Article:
Broken Arrow school board revises ‘bathroom bill’ policy


By Brittany Harlow

The Broken Arrow Board of Education voted Monday to approve revisions to its bathroom gender policy and several other policies.

Pursuant to State Bill 615 the BAPS adopted a policy last August on “use of multiple occupancy restrooms and changing areas,” which required each multi-occupancy restroom and changing area located in public schools serving pre-K through 12th grade be designated as either for the exclusive use of the male sex or for the exclusive use of the female sex.

The approved revision to Policy 4265 states that individuals shall now be disciplined by the district for refusing to designate multiple occupancy restrooms or changing areas for the exclusive use of one sex as defined by the current policy.

Both the SB 615 and Policy 4265 defines “sex” as the physical condition of being male or female based on genetics and physiology, as identified on the individual’s original birth certificate. School districts that do not comply with SB 615 face a 5% decrease in state funding.

SB 615 says students who don’t want to comply have to be offered “reasonable accommodation” which BAPS Policy 4265 addresses by requiring the district to provide them access to “a single-occupancy restroom or changing room.”

Opponents of the state’s so-called “bathroom bill” say those accommodations often fall short. The ACLU and Lambda Legal filed a federal lawsuit in September to overturn SB 615 on behalf of three transgender students in the Oklahoma City area, citing concerns that transgender who are excluded from multiple occupancy restrooms often avoid using the restroom at all.

The lawsuit states “permitting boys and girls who are transgender to simply exist as who they are, and treating them the same as any other boy or girl, harms no one, and it is the only way that students who are transgender can equally participate in education, employment, and society at large”.

Policy 4265’s revision is part of the BAPS Policy Council’s ongoing review of the entire Board of Education Policy Guide. The council is divided into subcommittees, each reviewing different areas of policy.

Broken Arrow community members who want to provide their thoughts on the adoptions, revisions, and deletions of policies during their first and second readings can sign up before Regular Board meetings begin to do so.

There was no comment on Policy 4265 or the other 19 policy revisions and adoptions that were approved during Monday’s board meeting.

Other policy changes approved include:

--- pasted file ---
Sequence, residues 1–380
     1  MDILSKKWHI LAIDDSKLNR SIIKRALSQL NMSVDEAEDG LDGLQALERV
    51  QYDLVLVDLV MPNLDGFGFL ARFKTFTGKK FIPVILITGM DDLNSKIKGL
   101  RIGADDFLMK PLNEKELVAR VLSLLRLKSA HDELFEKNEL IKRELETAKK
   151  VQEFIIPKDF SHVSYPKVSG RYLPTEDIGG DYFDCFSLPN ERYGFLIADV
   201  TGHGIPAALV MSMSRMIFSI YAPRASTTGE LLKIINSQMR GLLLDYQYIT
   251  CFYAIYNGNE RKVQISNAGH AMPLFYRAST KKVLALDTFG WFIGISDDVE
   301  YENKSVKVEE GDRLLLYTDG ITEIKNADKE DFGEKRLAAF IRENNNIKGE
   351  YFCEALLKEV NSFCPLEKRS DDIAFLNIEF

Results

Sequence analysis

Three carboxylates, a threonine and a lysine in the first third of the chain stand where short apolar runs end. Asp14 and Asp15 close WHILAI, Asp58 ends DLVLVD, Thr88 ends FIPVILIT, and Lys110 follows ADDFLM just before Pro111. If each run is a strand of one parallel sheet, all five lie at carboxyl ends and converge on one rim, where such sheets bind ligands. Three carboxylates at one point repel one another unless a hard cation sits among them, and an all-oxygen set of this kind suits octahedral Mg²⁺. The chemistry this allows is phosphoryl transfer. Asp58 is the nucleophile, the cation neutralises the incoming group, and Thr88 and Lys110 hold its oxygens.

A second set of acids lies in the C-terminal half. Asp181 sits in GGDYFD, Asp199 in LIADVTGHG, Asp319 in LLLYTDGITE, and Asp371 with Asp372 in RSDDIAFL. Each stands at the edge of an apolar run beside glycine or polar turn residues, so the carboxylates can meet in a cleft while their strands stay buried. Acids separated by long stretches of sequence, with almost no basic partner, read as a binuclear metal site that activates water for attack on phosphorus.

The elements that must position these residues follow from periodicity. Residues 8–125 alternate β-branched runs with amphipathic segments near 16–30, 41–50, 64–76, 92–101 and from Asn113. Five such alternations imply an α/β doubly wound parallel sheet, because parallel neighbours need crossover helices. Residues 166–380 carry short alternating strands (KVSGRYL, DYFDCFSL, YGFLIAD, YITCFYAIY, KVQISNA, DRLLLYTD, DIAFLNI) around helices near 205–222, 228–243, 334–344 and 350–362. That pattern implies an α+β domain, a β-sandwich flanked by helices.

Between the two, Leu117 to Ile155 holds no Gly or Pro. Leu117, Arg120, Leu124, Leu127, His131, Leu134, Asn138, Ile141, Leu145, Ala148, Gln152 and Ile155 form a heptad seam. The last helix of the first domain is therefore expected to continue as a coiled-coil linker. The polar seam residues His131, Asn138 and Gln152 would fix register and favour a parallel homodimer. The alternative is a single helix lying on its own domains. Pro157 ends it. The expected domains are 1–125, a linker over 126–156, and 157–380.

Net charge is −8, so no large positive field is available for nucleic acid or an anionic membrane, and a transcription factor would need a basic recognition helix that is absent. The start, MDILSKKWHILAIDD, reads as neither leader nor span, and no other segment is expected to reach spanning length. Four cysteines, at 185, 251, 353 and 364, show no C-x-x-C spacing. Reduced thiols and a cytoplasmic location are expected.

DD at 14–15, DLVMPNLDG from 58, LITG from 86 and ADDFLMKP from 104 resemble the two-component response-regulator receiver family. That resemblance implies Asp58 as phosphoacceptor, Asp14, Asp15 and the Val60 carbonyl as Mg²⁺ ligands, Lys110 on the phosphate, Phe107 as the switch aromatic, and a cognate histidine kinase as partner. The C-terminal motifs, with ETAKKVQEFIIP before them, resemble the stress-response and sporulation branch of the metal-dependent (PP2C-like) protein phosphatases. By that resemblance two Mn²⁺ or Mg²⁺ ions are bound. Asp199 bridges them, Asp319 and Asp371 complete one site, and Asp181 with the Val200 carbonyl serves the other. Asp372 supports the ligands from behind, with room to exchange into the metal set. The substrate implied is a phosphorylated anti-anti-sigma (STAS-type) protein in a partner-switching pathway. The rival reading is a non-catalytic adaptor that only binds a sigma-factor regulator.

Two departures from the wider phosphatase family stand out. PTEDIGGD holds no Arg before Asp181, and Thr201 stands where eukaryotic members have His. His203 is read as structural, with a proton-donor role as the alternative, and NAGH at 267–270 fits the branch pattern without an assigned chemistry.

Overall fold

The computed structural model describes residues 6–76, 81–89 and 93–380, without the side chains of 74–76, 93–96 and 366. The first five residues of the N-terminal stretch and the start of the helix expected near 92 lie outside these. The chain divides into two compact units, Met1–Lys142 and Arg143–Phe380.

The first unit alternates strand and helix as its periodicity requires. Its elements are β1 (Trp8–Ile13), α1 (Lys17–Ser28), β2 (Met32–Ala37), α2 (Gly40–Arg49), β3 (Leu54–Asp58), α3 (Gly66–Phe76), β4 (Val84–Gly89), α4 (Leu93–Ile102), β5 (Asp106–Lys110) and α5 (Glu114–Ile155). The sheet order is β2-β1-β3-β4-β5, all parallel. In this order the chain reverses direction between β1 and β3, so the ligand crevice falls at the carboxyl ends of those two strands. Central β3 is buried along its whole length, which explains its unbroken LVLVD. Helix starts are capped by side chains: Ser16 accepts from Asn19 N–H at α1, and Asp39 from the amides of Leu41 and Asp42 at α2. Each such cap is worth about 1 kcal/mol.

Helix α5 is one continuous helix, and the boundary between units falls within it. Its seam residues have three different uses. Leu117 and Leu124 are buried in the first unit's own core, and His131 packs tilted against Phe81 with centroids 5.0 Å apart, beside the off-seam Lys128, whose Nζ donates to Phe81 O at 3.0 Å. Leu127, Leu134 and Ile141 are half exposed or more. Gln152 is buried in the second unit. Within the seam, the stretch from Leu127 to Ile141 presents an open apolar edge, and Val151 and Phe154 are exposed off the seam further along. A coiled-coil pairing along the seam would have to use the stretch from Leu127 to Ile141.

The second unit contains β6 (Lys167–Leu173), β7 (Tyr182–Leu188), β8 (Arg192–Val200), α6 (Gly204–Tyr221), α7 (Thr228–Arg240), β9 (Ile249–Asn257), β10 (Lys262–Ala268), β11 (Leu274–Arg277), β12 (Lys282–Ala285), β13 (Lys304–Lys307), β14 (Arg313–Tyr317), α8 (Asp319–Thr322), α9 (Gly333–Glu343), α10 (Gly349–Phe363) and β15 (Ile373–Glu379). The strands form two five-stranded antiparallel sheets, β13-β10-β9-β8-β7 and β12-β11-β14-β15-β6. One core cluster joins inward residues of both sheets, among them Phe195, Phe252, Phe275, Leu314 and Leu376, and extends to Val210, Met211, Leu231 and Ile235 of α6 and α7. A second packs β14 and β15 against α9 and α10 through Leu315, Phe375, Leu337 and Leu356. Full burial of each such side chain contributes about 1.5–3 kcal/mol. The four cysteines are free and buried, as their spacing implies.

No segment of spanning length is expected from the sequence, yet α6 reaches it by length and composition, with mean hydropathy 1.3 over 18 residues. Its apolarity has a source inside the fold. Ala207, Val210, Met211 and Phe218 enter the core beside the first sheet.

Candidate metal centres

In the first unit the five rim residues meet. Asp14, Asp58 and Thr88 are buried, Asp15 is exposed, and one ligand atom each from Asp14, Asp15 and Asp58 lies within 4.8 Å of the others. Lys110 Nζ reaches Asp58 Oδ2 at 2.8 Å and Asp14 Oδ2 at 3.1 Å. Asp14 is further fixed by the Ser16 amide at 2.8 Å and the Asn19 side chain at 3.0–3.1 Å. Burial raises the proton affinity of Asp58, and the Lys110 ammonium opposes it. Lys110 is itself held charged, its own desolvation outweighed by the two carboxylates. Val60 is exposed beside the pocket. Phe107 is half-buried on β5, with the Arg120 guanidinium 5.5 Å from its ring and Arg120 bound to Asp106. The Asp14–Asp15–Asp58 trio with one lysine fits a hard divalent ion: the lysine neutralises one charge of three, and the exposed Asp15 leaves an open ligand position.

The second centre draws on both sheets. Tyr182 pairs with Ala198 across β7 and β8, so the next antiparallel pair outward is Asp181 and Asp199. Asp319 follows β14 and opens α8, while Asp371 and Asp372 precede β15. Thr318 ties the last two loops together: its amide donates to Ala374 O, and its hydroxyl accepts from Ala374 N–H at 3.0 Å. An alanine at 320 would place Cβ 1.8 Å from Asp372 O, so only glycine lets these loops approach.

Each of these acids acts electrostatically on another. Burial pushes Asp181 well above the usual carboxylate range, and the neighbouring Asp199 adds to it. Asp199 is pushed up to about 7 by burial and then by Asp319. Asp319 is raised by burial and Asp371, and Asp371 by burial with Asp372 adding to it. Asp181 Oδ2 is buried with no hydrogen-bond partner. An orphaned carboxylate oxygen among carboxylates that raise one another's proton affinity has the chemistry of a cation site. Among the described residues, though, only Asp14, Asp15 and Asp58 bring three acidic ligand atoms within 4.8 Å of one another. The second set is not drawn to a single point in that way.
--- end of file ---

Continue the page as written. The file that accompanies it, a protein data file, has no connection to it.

* Policy 3000 revision to have AIDS instruction taught in grades 6, 8, and 10 instead of grades 6-12, and removes the requirement that nurses and teachers who teach AIDS prevention education receive adequate training from health department personnel and/or private medical sources beforehand.

* The addition of Policy 3095 requiring an annual program including information and training regarding dysgraphia (impairment of handwriting) beginning in the 2023-2024 school year.

* A Policy 3260 revision to have sex education taught to all students in grades 6-12, instead of just grades 7, 9 and 10, as well as age-appropriate evidence-based suicide awareness and prevention curriculum to students in grades 7, 9, and 11.

‘Safety of our kids’

Concerns about bullying at the Broken Arrow Freshman Academy surfaced back in February when students organized a small protest. Some of the concerns led to the school district and parents having a special meeting to discuss the issues.

Another parent spoke Monday at the BAPS for 3 minutes about bullying problems his son is experiencing in school.

“What I want to talk to you about is the mental and emotional safety of our kids,” Josh Coats said. “My oldest son, who is a senior now, during his eighth-grade year, was called a school shooter every day, because he wore a black hoodie.”

Coats went on to say his son was bullied so badly, he elected to be home-schooled for the last 3 years.

John Coats speaks to members of the Broken Arrow Board of Education Monday.

“Now as a senior, he doesn’t want to be at school,” Coats said. “He shows up every day, doesn’t get very good grades, which sucks because he is 100 times smarter than me.”

Coats said he now also has a freshman daughter who is dealing with the same thing.

“And we’re being told that there’s not a problem,” Coats said. “We’re being told that there have been some new things put in place that have fixed the problems but I get phone calls two or three times a week from the counselor’s office that they’re saying that there’s still problems.”

Since Coats’ comments were made during the “Comments From The Public” portion of the meeting, board members were not permitted to interact in any follow-up dialogue afterward.

BAPS Chief Communications Officer Tara Thompson said the board typically follows up with people who provide comments about non-agenda items on a later date. She said bullying is an issue at BAPS, as it is in every school district.

“With 20,000 students it’s something that we’re always combating,” Thompson said. “We’re constantly looking at ways to be better at that.”

Thompson said efforts include a recent “Breaking Down The Walls” training held at the Freshman Academy to promote awareness of bullying and its harmful effects.

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